In late 1988, Obama entered Harvard Law School. He was selected as an editor of the Harvard Law Review at the end of his first year,[40] and president of the journal in his second year.[34][41] During his summers, he returned to Chicago, where he worked as an associate at the law firms of Sidley Austin in 1989 and Hopkins & Sutter in 1990.[42] After graduating with a J.D. magna cum laude[43] from Harvard in 1991, he returned to Chicago.[40] Obama's election as the first black president of the Harvard Law Review gained national media attention[34][41] and led to a publishing contract and advance for a book about race relations,[44] which evolved into a personal memoir. The manuscript was published in mid-1995 as Dreams from My Father.[44]

University of Chicago Law School and civil rights attorney[edit]

In 1991, Obama accepted a two-year position as Visiting Law and Government Fellow at the University of Chicago Law School to work on his first book.[44][45] He then taught at the University of Chicago Law School for twelve years—as a Lecturer from 1992 to 1996, and as a Senior Lecturer from 1996 to 2004—teaching constitutional law.[46]

From April to October 1992, Obama directed Illinois's Project Vote, a voter registration campaign with ten staffers and seven hundred volunteer registrars; it achieved its goal of registering 150,000 of 400,000 unregistered African Americans in the state, leading Crain's Chicago Business to name Obama to its 1993 list of "40 under Forty" powers to be.[47]

In 1993, he joined Davis, Miner, Barnhill & Galland, a 13-attorney law firm specializing in civil rights litigation and neighborhood economic development, where he was an associate for three years from 1993 to 1996, then of counsel from 1996 to 2004. His law license became inactive in 2007.[48][49]

From 1994 to 2002, Obama served on the boards of directors of the Woods Fund of Chicago, which in 1985 had been the first foundation to fund the Developing Communities Project; and of the Joyce Foundation.[32] He served on the board of directors of the Chicago Annenberg Challenge from 1995 to 2002, as founding president and chairman of the board of directors from 1995 to 1999.[32]

Legislative career: 1997–2008[edit]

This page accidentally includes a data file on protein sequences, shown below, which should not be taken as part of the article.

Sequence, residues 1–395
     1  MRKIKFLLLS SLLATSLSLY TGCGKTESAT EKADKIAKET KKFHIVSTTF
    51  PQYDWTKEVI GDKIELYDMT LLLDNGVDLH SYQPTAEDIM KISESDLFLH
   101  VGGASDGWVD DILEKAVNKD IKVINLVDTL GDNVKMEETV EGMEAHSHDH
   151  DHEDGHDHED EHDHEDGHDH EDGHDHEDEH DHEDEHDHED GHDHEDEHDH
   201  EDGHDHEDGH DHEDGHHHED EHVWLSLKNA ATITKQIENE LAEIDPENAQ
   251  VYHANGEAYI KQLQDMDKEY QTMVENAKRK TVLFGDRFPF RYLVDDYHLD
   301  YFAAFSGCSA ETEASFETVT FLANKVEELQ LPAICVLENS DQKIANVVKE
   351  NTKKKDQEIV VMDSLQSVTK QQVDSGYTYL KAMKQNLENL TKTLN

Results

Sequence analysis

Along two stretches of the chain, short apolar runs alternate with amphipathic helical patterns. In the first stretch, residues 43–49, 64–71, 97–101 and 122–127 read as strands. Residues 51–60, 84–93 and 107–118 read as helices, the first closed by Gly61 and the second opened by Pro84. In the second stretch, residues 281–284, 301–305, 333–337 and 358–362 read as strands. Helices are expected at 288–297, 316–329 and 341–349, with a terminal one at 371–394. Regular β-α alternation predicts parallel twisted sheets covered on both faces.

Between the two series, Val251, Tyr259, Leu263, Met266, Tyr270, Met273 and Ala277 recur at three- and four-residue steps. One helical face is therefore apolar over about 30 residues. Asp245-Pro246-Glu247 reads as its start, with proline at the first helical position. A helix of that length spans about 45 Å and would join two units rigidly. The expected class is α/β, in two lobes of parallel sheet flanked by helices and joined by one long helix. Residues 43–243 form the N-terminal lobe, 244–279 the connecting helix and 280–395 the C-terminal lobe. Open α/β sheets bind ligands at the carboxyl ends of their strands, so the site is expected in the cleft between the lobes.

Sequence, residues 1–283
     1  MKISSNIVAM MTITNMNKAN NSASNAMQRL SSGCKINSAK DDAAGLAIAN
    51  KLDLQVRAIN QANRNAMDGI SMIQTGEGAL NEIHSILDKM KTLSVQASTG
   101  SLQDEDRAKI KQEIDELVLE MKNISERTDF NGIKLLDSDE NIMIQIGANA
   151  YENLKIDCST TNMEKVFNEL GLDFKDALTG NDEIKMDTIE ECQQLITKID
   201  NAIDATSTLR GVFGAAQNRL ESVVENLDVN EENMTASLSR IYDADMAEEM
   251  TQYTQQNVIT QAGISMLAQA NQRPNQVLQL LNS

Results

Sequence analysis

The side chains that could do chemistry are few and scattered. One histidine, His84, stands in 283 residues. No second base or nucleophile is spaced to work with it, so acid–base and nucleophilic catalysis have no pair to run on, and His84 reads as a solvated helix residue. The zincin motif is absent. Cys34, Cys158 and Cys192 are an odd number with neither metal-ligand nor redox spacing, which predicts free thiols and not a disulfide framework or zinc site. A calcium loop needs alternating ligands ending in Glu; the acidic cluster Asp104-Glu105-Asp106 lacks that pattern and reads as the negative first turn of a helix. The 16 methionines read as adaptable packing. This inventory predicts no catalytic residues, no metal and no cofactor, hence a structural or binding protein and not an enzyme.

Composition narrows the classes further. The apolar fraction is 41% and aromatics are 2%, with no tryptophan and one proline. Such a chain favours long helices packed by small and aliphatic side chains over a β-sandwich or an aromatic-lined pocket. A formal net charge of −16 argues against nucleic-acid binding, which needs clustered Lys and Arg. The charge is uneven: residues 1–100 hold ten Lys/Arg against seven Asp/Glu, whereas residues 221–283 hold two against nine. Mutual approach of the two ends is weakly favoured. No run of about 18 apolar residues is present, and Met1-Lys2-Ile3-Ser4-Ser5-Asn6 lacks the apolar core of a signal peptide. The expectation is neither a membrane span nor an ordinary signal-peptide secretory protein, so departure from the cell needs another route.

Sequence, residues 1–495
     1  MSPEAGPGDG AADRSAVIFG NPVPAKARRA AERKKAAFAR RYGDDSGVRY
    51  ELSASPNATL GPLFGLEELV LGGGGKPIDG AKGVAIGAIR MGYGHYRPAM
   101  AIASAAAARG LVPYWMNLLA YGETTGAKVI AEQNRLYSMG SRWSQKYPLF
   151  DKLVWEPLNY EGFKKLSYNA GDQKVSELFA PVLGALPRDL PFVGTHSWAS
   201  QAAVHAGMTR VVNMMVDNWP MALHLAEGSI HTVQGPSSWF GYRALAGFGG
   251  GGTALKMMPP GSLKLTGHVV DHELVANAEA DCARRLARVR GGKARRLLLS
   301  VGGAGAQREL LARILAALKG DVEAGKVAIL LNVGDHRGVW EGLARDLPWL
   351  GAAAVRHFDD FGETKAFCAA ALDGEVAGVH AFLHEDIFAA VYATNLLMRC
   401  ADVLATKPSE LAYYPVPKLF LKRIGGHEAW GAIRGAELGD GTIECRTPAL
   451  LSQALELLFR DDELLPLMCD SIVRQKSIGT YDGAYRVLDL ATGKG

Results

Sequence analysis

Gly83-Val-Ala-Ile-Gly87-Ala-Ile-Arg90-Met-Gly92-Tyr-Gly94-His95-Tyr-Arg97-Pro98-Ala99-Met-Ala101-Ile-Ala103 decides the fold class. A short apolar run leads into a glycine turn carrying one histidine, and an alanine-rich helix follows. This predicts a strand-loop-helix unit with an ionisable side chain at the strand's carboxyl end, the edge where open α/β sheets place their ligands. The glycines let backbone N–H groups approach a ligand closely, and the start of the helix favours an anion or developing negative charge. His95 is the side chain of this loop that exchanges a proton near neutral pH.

State Senator: 1997–2004[edit]

Main article: Illinois Senate career of Barack Obama

Obama was elected to the Illinois Senate in 1996, succeeding State Senator Alice Palmer as Senator from Illinois's 13th District, which at that time spanned Chicago South Side neighborhoods from Hyde Park – Kenwood south to South Shore and west to Chicago Lawn.[50] Once elected, Obama gained bipartisan support for legislation that reformed ethics and health care laws.[51] He sponsored a law that increased tax credits for low-income workers, negotiated welfare reform, and promoted increased subsidies for childcare.[52] In 2001, as co-chairman of the bipartisan Joint Committee on Administrative Rules, Obama supported Republican Governor Ryan's payday loan regulations and predatory mortgage lending regulations aimed at averting home foreclosures.[53]

Obama was reelected to the Illinois Senate in 1998, defeating Republican Yesse Yehudah in the general election, and was reelected again in 2002.[54] In 2000, he lost a Democratic primary race for Illinois's 1st congressional district in the United States House of Representatives to four-term incumbent Bobby Rush by a margin of two to one.[55]

In January 2003, Obama became chairman of the Illinois Senate's Health and Human Services Committee when Democrats, after a decade in the minority, regained a majority.[56] He sponsored and led unanimous, bipartisan passage of legislation to monitor racial profiling by requiring police to record the race of drivers they detained, and legislation making Illinois the first state to mandate videotaping of homicide interrogations.[52][57] During his 2004 general election campaign for U.S. Senate, police representatives credited Obama for his active engagement with police organizations in enacting death penalty reforms.[58] Obama resigned from the Illinois Senate in November 2004 following his election to the U.S. Senate.[59]

U.S. Senate campaign[edit]

Main article: United States Senate election in Illinois, 2004
County results of the 2004 U.S. Senate race in Illinois. Counties in blue were won by Obama.

In May 2002, Obama commissioned a poll to assess his prospects in a 2004 U.S. Senate race; he created a campaign committee, began raising funds, and lined up political media consultant David Axelrod by August 2002. Obama formally announced his candidacy in January 2003.[60]